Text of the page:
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House Member Irritated by Audit of Kansas Community College Sports Spending, Recruiting


Legislators defend reliance on out-of-state athletes to build competitive teams

By Tim Carpenter, Kansas Reflector


TOPEKA, Kan. — A Kansas House Republican who requested a state audit of community college spending on sports said Wednesday the report fell short of identifying how much scholarship aid was granted student athletes from outside the county responsible for assessing property taxes to fund the college.

Augusta Rep. Kristey Williams responded to public release of the report by the Legislature’s auditing division by complaining the document didn’t delve sufficiently into questions about allocation of community college sports scholarships to people who grew up outside the county, region, state or country.

“My goal in requesting this audit was to find out exactly where students were from,” Williams said. “Community colleges are heavily funded by property tax, which is a huge burden on 19 counties that their surrounding counties do not pay for.”

Kansas operates 19 community colleges, but auditors concentrated the analysis on the Garden City, Hutchinson and Butler community colleges. About four of every five students enrolled at community college in Kansas were from this state, but most athletes at the three community colleges taking part in the audit weren’t from Kansas. Likewise, auditors said, most athletic scholarships at the three community colleges were awarded to students not raised in Kansas.

Mohri Exline, an auditor with the Legislative Division of Post Audit, said the three community colleges examined in detail spent an average of $2.8 million annually in student tuition and fees, public sources of funding, and other income to support athletic department operations from 2018 to 2022. Most of that category of athletic department spending was for coaching salaries, equipment and transportation, she said.

The Butler, Hutchinson and Garden City community colleges spent an average of $1.2 million annually on sports scholarships during the five-year period.

Exline said the audit team concluded most Kansas Jayhawk Community College Conference athletes were from outside Kansas and most sports scholarships awarded at those schools were to students from other states or countries.

‘Extra excitement’

Heather Morgan, executive director of the Kansas Community College Association, said the state’s community colleges placed an emphasis on recruiting students in their geographic region or the state. She said it was in the best financial interests of the 19 community colleges to recruit in-state students because the colleges received state aid for each of those students.

“Athletics bring an extra excitement to our campuses, frankly, and it attracts students (and) attracts people from out of state who are going to stay here after the fact,” Morgan said.

KJCCC colleges were distinct government entities governed by locally elected trustees and separate from the public universities under oversight of the Kansas Board of Regents. Each of the 19 community colleges in Kansas operated athletics programs. Auditors reported college officials said the sports created educational opportunities for students and built a sense of comradery and belonging among the student body.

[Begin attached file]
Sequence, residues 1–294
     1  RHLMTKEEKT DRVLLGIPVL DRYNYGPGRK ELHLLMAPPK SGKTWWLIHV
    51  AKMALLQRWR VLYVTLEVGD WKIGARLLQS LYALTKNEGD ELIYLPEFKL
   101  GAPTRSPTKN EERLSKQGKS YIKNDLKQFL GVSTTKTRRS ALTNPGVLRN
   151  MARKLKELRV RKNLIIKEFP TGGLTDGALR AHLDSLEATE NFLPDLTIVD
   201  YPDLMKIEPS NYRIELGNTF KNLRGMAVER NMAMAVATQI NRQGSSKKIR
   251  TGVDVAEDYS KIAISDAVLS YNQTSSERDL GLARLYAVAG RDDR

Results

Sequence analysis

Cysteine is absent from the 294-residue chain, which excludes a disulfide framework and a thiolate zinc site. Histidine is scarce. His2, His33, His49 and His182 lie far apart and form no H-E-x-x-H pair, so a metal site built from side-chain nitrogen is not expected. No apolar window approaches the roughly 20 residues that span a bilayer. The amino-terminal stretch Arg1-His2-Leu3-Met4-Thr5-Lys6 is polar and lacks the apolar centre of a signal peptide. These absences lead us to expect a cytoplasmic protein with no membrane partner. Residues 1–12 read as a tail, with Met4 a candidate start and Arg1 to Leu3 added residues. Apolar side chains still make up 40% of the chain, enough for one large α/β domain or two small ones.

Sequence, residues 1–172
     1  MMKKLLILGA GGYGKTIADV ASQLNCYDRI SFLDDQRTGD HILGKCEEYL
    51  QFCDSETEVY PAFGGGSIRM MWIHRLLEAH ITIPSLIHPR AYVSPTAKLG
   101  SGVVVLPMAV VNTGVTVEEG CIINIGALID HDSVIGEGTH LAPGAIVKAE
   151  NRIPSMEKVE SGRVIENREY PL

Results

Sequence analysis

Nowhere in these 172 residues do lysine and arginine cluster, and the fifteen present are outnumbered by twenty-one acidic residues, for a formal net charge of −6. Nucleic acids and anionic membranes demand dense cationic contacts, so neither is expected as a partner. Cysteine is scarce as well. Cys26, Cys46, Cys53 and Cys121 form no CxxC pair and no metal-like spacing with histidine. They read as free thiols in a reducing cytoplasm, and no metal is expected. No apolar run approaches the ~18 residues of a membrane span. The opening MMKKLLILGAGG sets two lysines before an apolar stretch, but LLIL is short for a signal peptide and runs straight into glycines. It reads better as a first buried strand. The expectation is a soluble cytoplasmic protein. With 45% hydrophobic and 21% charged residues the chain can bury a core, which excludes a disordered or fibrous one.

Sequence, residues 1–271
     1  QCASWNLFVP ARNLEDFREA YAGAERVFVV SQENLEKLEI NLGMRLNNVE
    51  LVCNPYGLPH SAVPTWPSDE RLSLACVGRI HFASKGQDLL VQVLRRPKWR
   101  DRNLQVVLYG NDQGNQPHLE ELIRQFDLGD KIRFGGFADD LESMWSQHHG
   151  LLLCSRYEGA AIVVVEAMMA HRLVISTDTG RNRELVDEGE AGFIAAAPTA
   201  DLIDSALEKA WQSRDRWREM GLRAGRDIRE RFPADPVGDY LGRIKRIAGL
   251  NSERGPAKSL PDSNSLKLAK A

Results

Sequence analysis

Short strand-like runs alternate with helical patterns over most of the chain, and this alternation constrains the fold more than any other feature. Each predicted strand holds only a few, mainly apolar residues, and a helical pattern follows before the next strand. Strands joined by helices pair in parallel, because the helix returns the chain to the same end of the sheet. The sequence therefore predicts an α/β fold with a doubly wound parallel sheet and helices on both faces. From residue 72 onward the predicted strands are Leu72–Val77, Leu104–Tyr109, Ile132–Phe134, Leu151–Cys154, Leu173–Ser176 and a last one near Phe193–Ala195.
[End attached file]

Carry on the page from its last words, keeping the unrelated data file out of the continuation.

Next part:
Kansas law prohibits community colleges from using federal, state or county funds for athletic scholarships. State auditors said Butler and Garden City community colleges relied on student fees to pay all or almost all of athletic scholarships. Hutchinson Community College depended on student fees for a large portion of those scholarships, but incorporated revenue from ticket sales and concessions.

In terms of the audited colleges, the report said, 2,252 students participated in football, volleyball, softball, baseball, basketball or soccer from 2018 to 2022. About 31% of those athletes were Kansans, while 60% came from another state and 8% from another country. The colleges said 87% of their students were from Kansas during 2022.

‘Terribly sad’

Williams said the majority of athletes at Butler Community College weren’t local. She said her brother wouldn’t have had the opportunity to play football at Butler had coaches in the past focused so much on recruiting athletes from elsewhere.

“For me,” she said, “that’s terribly sad because you just don’t have the community support or pride.”

Sen. Ethan Corson, a Johnson County member of the Legislature’s audit committee and a former baseball scholarship athlete at Garden City Community College, said he rejected the argument college students and community members weren’t drawn to sports events if rosters weren’t full of players who grew up nearby. He said the six national championships won by the Butler football teams were a big deal for fans.

“That’s really appealing to students, the community,” Corson said. “I would just question how much interest there would be from the community if you had an all in-district football team that was losing every single game.”

Rep. Shannon Francis, a graduate of Seward County Community College and a Republican from Liberal in southwest Kansas, said the new audit illustrated the significance of local control by community college trustees.

He said Seward County made a decision in the past to moderate expenditures on athletics and suffered through an era in which the college’s teams weren’t competitive.

“It was disastrous,” he said. “It wasn’t good at all for the institution.”